Tuesday, April 29, 2008

Oysters Rockefeller

With the abundance of oysters available to the New Orleans chef, it's no surprise that Ralph Brennan's New Orleans Seafood Cookbook features more than 10 recipes starring this fruit of the sea. Among the most famous of oyster dishes is Oysters Rockefeller, which is featured on page 80.

Oysters Rockefeller was created in 1899 by a New Orleans chef named Jules Alciatore. His great grandson, Roy F. Guste, Jr., writes at foodreference.com that his ancestor created the dish after having difficulty procuring the necessary European snails for cooking. Being unable to get the desired snails, Alciatore decided to look closer to home for a more reliable supply of product, choosing gulf oysters as his substitute. He created a rich sauce that was green in color and in naming the dish, chose the name Rockefeller as an exemplar of "rich." At the time the dish was created, John D. Rockefeller was the famous robber baron of Standard Oil Company and at the height of his fame as a capitalist and philanthropist.

Rockefeller came from humble beginnings, first getting his start in business acting as an assistant bookkeeper for Hewitt and Tuttle, produce shippers and commission merchants in 1855. The Rockefeller Archive's biography tells us that Rockefeller became involved in oil refinery in 1863 with partners Maurice Clark and Samuel Andrews. In 1870, Rockefeller and assorted partners created Standard Oil Company with the company being organized into a trust in 1882. By the 1890s, it's estimated that Standard Oil owned 75% of the petroleum business in America. According to trivia-library.com's study of the richest people in history, when Rockefeller retired from active leadership of Standard Oil in 1896, its estimated his fortune was worth around $200 million.

His tendency to philanthropy was there from his earliest days in business when he would tithe 10% of his paycheck to the church. Wikipedia.com lists his many philanthropic enterprises. He favored educational and public health causes as well as basic sciences and the arts. While he gave money to recognized institutions such as Harvard, Columbia, Vassar and Yale, he also helped small colleges become major institutions such as the University of Chicago which started life as a small baptist college and became a world-class university by 1900 with Rockefeller's help.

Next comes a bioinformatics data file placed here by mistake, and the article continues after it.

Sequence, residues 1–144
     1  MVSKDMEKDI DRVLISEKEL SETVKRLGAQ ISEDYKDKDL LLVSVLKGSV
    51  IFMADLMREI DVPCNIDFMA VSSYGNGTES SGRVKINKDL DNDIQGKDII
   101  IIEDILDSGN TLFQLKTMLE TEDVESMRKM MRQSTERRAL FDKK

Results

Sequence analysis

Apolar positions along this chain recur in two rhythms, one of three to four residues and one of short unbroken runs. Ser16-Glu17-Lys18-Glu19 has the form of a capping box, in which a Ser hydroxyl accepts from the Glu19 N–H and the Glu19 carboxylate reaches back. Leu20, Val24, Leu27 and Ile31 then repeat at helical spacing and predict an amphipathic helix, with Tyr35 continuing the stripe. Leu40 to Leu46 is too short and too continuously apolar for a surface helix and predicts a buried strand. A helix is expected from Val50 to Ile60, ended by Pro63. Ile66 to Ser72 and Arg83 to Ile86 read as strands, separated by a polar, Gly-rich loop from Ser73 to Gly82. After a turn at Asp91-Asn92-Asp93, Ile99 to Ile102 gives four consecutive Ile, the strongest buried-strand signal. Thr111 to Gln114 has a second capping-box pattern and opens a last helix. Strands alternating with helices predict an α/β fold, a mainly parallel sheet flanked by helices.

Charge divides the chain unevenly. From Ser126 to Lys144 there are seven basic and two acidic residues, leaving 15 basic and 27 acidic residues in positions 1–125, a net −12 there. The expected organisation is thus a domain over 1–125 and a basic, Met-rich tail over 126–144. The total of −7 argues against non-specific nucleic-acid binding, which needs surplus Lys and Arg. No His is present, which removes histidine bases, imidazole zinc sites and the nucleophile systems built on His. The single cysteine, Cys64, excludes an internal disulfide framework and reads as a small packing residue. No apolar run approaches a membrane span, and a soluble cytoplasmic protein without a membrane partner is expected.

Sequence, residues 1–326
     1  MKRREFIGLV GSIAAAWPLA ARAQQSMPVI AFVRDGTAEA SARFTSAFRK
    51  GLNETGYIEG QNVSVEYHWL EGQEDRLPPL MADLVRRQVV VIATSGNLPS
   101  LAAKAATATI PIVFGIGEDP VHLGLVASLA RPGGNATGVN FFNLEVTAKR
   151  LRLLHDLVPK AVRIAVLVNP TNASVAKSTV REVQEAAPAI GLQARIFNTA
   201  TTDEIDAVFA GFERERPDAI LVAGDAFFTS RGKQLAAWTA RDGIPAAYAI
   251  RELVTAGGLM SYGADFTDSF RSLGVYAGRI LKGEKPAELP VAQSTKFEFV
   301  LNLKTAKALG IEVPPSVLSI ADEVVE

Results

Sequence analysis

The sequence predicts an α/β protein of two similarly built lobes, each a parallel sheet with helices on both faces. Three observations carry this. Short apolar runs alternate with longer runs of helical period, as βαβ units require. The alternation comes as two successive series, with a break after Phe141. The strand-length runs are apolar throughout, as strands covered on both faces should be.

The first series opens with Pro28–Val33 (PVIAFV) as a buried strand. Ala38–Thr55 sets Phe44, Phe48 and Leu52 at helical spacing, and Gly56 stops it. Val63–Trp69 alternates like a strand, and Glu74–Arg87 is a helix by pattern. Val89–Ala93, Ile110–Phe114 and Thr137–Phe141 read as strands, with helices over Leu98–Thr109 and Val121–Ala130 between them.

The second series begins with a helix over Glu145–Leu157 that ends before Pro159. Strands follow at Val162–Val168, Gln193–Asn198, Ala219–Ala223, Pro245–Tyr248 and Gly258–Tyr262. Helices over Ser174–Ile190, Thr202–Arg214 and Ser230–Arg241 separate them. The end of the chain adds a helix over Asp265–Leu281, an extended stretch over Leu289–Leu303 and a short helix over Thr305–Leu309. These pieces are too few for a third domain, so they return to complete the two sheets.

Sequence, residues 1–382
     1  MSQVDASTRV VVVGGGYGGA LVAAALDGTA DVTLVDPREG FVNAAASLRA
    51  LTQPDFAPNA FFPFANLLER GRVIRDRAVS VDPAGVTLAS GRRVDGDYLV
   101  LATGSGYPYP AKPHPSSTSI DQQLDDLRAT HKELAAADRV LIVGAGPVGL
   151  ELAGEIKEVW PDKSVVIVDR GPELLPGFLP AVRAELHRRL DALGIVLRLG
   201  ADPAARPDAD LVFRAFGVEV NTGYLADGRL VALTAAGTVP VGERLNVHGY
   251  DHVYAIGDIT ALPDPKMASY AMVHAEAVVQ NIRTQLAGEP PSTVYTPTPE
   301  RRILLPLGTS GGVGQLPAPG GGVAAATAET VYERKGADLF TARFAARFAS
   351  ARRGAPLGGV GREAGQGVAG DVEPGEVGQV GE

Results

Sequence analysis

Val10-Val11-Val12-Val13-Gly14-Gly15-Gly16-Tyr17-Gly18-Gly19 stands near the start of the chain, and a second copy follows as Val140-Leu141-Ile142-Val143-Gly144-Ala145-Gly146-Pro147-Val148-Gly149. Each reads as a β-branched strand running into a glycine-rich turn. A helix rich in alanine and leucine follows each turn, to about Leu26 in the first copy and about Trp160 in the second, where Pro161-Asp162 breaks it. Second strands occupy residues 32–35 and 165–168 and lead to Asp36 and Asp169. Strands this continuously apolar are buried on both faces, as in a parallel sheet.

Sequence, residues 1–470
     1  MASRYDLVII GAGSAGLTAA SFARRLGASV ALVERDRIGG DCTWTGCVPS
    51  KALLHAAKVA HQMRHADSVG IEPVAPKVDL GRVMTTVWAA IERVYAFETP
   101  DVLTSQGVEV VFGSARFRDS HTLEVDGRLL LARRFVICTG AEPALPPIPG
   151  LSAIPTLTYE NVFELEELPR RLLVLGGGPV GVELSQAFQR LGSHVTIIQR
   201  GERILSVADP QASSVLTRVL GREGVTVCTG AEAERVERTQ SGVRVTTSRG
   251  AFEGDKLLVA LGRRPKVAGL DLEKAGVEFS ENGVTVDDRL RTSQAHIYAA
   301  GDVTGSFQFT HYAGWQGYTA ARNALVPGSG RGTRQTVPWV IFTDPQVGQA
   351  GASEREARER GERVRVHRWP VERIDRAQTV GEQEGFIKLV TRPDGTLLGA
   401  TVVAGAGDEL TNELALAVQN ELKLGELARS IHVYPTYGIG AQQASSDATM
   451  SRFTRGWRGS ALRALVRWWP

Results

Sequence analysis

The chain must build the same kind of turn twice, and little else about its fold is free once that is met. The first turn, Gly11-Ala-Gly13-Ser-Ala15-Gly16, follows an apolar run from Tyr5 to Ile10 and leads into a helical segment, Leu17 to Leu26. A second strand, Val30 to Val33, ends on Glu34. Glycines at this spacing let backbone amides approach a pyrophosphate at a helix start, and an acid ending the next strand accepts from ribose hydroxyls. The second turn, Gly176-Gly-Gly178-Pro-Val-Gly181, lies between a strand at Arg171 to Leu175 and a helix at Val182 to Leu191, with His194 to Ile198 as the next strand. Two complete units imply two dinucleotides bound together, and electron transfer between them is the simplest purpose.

While a northerner, his programs had great impact in the South. In 1884, he was the major financial backer for an Atlanta college for African-American women that became Spelman College. In 1902, he created the General Education Board. Designed to help education at all levels across the country, its biggest impact was in the pioneering schools for African-Americans in the South. His 1909 Rockefeller Sanitary Commission was a key component in wiping out hookworm disease in the South.

While he gave huge donations throughout his life, totalling about $550 million dollars, he was noted for his more playful habit of giving out dimes to children though he switched to nickels during the Great Depression. Cheekily, he even passed dimes to President Herbert Hoover and fellow mogul Harvey Firestone.

While some recipes call for a puree of green vegetables to create the green-colored sauce, Ralph Brennan's New Orleans Seafood Cookbook uses spinach to give the dish its signature color.

foodreference.com: "The Real Oysters Rockefeller"
The Rockefeller Archive: "John D. Rockefeller" 09/97
Trivia-Library.com: "Richest People in History: John D. Rockefeller"
Wikipedia: "John D. Rockefeller" 04/28/08
photo courtesy of zzzack, used under this Creative Commons license

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